Sitting at the far southern tip of the Baja California peninsula, Los Cabos, Mexico is one of the country's top beach destinations. With top-notch boating, world-class sport fishing (especially for billfish), championship golf courses, excellent restaurants, and warm weather year-round to enjoy it all, it's no wonder it's so popular.
On my recent trip to David, Panama’s third largest city, I heard a common refrain from expats there. Whenever the topic of Boquete, a small mountain town about 30 minutes up the mountain, came up they’d say: “It’s too cold. Too small. And there are too many gringos.”
Sure, there are plenty of luxury and jet-set destinations in the Caribbean. Islands where bohemian chic, trust funds, and luxury shopping and dining combine to form the ultimate getaway for the ultra-wealthy. But there’s another side to the Caribbean as well—the more traditional side. Where life is lived much as it has been for decades, if not centuries, and with low prices to match.
If you need a manicured lawn, 18-hole golf course, large fancy supermarket, or luxury condo to be happy…you can find that in Costa Rica. But you’ll have to give the country’s southern Caribbean coast a miss.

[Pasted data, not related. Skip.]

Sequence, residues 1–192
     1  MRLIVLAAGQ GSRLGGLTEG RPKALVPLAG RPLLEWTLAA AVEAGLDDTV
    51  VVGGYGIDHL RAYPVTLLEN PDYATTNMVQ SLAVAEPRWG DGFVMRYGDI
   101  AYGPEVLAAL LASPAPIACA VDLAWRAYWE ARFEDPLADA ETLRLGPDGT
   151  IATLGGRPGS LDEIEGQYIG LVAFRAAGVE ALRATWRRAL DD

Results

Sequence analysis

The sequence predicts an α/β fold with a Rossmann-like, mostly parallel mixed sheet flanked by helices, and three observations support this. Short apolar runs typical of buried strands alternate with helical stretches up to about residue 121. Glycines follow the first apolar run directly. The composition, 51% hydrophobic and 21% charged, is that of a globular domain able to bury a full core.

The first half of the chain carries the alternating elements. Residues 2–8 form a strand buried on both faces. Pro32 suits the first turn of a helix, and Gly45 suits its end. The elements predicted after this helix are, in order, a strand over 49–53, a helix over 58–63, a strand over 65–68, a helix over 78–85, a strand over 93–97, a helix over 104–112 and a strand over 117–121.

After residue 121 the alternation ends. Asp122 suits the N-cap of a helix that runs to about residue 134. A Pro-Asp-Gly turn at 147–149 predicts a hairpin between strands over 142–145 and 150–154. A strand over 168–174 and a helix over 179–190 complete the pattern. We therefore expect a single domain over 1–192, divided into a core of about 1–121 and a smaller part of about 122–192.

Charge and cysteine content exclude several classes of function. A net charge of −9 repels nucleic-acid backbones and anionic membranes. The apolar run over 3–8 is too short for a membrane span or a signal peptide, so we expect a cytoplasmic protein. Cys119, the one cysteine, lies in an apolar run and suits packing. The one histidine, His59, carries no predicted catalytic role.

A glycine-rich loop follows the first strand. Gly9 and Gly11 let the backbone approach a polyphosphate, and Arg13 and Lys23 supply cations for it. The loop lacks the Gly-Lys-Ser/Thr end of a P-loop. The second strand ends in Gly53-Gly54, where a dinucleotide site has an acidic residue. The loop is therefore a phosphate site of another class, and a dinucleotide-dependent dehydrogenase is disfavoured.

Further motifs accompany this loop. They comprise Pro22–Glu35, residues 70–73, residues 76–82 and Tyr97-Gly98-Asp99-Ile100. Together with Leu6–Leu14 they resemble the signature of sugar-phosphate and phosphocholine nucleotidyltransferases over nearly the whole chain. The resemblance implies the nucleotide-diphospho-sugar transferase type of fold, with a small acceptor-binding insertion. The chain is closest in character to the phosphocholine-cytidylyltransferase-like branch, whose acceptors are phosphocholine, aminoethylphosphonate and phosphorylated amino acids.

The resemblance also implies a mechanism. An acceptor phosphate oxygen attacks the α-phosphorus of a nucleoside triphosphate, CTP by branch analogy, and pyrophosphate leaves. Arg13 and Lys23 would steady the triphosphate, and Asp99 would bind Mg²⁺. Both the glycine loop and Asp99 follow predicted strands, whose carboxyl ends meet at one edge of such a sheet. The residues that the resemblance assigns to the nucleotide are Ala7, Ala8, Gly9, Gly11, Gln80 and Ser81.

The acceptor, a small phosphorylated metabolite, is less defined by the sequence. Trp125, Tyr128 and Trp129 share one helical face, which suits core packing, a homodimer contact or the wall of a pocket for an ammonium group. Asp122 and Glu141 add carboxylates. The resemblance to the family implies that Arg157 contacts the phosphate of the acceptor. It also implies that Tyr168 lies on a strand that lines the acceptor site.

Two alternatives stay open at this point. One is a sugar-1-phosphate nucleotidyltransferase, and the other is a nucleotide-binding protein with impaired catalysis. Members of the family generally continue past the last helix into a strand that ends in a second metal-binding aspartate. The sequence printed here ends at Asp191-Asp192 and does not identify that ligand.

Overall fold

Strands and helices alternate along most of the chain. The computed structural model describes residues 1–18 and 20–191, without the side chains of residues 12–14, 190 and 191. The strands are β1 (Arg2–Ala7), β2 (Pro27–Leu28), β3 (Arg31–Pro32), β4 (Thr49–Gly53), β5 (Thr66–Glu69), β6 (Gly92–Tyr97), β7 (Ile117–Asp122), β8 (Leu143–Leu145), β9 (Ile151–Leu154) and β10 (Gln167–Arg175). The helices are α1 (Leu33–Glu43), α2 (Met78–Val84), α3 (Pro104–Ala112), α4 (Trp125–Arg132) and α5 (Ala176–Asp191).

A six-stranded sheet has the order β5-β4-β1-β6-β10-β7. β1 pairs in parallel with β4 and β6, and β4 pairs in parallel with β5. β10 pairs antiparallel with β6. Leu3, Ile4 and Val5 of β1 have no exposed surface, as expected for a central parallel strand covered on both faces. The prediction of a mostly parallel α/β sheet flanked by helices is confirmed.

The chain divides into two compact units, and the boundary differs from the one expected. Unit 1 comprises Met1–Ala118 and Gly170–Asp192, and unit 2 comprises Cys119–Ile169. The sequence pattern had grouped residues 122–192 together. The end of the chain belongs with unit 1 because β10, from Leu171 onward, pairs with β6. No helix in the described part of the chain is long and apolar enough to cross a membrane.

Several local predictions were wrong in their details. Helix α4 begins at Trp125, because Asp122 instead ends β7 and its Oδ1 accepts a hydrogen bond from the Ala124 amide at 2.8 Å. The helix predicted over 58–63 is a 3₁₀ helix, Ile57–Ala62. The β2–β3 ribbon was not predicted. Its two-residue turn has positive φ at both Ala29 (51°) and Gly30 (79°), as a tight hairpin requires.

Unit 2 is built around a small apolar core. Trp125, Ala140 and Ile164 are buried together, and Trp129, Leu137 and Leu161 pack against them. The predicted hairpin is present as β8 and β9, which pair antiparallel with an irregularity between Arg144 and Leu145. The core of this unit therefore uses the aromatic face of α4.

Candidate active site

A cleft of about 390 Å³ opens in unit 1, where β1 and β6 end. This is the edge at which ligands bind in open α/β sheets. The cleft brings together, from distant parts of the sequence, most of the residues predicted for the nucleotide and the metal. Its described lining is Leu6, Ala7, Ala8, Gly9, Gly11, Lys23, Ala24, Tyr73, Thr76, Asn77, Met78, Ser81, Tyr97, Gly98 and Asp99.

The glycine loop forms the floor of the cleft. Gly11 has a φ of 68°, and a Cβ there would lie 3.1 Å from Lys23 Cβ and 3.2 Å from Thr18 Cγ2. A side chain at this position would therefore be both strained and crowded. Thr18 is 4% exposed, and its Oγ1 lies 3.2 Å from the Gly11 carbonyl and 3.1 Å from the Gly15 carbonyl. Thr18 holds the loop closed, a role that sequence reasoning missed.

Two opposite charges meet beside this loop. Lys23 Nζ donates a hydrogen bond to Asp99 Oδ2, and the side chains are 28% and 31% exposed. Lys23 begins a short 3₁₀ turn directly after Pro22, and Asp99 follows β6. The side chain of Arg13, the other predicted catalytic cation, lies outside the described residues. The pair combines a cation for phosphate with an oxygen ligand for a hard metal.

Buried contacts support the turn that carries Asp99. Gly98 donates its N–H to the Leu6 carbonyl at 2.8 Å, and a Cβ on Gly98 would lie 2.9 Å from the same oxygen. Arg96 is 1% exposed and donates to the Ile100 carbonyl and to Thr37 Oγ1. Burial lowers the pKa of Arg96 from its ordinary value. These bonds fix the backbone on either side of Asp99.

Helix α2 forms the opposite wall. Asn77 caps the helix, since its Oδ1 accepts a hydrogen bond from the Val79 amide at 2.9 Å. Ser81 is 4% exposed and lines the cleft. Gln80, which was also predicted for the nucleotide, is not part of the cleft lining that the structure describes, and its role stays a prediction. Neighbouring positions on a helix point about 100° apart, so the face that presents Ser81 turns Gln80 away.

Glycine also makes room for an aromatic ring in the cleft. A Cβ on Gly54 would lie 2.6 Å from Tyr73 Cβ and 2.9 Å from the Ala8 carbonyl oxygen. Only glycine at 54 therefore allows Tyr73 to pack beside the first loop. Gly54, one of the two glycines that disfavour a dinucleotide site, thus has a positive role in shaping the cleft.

In the U.S., something as beautiful as Lake Arenal would have a shoreline clogged with resorts and marinas and waters churned up by powerboats and jet skis. But in Costa Rica, this region retains its traditional agricultural heritage and staggering natural beauty...with nary a powerboat to disturb the lake.
Just a 25-minute boat ride off the northern tip of Mexico’s Yucatán Peninsula is a sliver of an island called Holbox (pronounced ol-bosh). In the Mayan language it means “black hole.” For the increasing number of visitors (as well as a small number of pioneering—mostly part-time expats and full-time business owners) who make their way here it’s a tropical getaway that’s quite different than spots like Cancún and Playa del Carmen on the nearby Riviera Maya.
The central Pacific beach town of Jacó in Costa Rica was long known primarily as a destination for sport fisherman, surfers, and backpackers. And Ticos—as Costa Ricans call themselves—flocked there around Christmas and Easter because it's the closest major beach to San José, the capital.
A nickname like the Valley of Flowers and Eternal Spring is pretty hard to live up to. But the area around the small town of Boquete, high in the green mountains of the Chiriquí province in western Panama, certainly does. This bustling town of around 20,000 sits at an elevation of just below 4,000 feet.
Imagine waking up each morning to the sound of gentle waves lapping up the shore of a white-sand beach. The warm Caribbean waters are clear, in shades of turquoise and azure. Down the road is a community with shops, restaurants, and, most importantly, lively beach bars. This is what it is like to live on the tropical island of Roatán.
I'd never traveled with a celebrity before. When we arrived at the airport in Costa Rica, it was a madhouse. People kept coming up to take pictures with my companion. Customs officials rushed us through the line after a cursory check of our documents. Baggage handlers competed to grab our luggage.